The potters working in Dharavi throw utilitarian objects, such as saucers for chutney and bowls for kulfi. These are not aspiration objects, but disposable, one-use vessels, and the price that they command on the domestic market is very low. According to Abbas, the average potter family working in Dharavi will make roughly 4000 small vessels in a day, and they will sell these 4000 vessels for roughly $10. A full day’s work for $10. Abbas is a skillful thrower, and although he is skilled in other areas of ceramic construction, I wanted to explore the traditional thrown terracotta that has been used to produce chai cups and lassi vessels for centuries.
In Abbas’ studio I sketched out some designs for a collection of terracotta furniture that fuses a series of typical thrown forms, to create functional furniture objects. By connecting a large, open bowl with four elongated vessels, we achieve some forms that might function well as seats and tables. We have been told to come back tomorrow afternoon to see the components of our first stool. So long as you’re not talking about the traffic, things can move very quickly in India.
I find myself traveling to Abbas’ studio in Dharavi most days to oversee the next phase of making, so to ensure that the work is done exactly to my specifications. This is not improvisation—this is the most anal retentive planning I can think of. Despite the fact that we have improvised our way through the formal development, and are improvising solutions to problems as they arise, I am still trying to control the outcome.
This week the gods of jugaad stepped in and took this control out of my hands. All week I have been trying to spend time with Abbas, to oversee the throwing of the forms that we require, and the connection of those forms to make the final objects. Our deadline for this project is looming, and Abbas has told us that he needs to begin the firing process on Sunday 14th February, otherwise the work will not be ready until after the opening of the Porosity Kabari Exhibition—not ideal. Abbas is one of the hardest working people that I have ever met, and this week his work ethic caught up with him in the form of a mild illness. Earlier in the week we had arranged to meet Abbas in his studio at 7:30am to make some headway on the project, and at 6:30am I received a phone call from a sleepy Tausif, saying that Abbas had a fever and could not work that morning. Abbas had asked us to come in the afternoon instead. Of course the afternoon came and Abbas was still not feeling well, so there was no potting that day. A day is a very long time in a three week project.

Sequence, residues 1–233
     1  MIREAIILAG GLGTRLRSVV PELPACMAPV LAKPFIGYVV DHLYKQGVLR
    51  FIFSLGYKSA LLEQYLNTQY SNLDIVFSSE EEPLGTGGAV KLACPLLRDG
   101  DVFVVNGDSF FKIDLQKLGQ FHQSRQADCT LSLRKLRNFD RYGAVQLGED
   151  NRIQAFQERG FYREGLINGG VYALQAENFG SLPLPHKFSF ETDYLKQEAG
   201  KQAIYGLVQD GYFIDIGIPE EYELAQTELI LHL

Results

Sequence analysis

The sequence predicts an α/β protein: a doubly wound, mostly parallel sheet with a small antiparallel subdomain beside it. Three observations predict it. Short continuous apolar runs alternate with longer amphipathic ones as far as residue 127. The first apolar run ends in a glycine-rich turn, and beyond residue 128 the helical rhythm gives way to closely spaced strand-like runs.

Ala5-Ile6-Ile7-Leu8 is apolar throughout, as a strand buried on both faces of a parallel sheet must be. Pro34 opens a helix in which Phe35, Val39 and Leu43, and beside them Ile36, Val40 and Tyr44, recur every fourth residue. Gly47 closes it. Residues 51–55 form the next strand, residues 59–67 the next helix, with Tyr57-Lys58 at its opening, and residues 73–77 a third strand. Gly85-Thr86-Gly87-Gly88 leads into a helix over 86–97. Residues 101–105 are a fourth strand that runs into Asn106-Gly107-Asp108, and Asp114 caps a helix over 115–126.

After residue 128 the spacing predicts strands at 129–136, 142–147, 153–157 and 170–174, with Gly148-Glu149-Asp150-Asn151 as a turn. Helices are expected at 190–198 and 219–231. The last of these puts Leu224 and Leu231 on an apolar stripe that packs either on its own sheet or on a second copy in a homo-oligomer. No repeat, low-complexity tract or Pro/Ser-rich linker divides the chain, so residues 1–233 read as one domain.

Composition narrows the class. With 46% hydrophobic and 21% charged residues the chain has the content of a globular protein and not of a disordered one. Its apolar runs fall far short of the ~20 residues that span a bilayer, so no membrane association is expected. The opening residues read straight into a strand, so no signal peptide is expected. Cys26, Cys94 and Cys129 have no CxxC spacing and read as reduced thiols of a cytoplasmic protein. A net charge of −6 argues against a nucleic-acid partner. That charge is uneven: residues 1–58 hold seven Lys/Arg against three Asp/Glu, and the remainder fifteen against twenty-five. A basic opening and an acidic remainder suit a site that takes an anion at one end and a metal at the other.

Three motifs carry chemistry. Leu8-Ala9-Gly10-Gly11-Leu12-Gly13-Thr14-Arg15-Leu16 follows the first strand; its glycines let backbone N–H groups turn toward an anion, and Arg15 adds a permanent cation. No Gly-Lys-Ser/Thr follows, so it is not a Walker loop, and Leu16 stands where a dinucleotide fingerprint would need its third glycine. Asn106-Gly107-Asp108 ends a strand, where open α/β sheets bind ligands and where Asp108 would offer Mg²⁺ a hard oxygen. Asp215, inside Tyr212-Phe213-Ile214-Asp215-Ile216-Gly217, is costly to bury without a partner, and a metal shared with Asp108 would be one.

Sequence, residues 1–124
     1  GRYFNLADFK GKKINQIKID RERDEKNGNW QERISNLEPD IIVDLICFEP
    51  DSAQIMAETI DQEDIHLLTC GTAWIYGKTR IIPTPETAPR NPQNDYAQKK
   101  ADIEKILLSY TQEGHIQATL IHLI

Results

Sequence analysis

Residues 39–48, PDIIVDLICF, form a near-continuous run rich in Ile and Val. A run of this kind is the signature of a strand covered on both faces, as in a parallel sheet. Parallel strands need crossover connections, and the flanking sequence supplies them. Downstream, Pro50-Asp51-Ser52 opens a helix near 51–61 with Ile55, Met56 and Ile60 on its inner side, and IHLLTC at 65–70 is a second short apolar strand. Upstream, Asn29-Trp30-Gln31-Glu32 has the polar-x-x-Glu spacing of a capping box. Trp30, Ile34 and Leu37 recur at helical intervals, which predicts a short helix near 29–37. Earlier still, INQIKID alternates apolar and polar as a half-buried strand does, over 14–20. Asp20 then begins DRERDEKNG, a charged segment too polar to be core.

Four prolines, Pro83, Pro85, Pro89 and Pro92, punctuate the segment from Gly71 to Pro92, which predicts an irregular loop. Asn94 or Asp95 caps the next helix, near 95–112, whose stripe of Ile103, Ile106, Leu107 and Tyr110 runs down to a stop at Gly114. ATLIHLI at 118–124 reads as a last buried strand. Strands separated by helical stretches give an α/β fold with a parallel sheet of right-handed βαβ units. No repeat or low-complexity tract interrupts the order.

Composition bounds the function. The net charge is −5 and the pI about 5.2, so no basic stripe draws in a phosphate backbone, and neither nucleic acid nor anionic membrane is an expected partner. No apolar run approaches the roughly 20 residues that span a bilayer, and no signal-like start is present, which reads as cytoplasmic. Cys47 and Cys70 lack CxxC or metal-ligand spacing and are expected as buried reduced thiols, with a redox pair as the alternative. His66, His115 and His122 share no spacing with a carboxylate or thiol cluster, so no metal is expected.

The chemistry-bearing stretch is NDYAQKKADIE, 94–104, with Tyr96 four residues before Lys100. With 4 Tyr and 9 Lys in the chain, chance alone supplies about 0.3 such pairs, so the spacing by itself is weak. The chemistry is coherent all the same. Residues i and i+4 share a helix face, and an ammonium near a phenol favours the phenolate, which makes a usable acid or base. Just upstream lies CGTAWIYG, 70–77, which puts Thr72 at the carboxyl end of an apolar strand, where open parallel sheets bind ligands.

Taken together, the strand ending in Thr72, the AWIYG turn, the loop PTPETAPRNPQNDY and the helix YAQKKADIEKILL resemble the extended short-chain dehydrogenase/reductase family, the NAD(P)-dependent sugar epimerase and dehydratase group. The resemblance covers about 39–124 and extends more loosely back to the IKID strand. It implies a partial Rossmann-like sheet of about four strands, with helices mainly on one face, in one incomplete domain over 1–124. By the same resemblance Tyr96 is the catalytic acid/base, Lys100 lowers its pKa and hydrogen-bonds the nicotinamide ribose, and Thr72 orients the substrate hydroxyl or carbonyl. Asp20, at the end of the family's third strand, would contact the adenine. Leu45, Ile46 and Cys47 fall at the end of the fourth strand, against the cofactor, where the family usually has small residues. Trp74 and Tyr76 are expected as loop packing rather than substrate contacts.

On Friday I arrived in Dharavi at 7:30am to work with Abbas, but he was still unwell, and needed a couple of hours sleep before we could begin, asking us to return at 11:30. I traveled back into Mumbai and called Abbas at 10am to make sure that our 11:30 appointment was still possible. Over the next couple of hours our window of time to work with Abbas reduced from 8 hours to 1 hour—I was due to fly to Jaipur that evening, and with Mumbai traffic it was essential that I leave the studio by 4pm to make the flight. So, I had one hour to observe some assembly and do my best to communicate the precise detailing that I required, before running out of Dharavi to catch a taxi to the airport.
This afternoon Abbas will be giving shape to these terracotta objects without my guidance. That is very difficult for me to come to terms with, but India and jugaad intervened with my controlling design approach in a way that I could not avoid. Of course I closely considered missing my flight and not going to Jaipur for the weekend, but at the last minute I caught myself being controlling of a process that was not intended to be controlled, and convinced myself to go. Perhaps it was the deafening wedding party brass band practicing outside Abbas’ studio (too loud to hear myself think) that clouded my judgment. Or was it Narada, the Hindu god of mischief, that forced me to leave Dharavi? Either way jugaad has prevailed and I nervously await the results.
This week has been a challenging week for improvising with pottery, but we have managed to forge ahead in some areas, toward an impending firing deadline.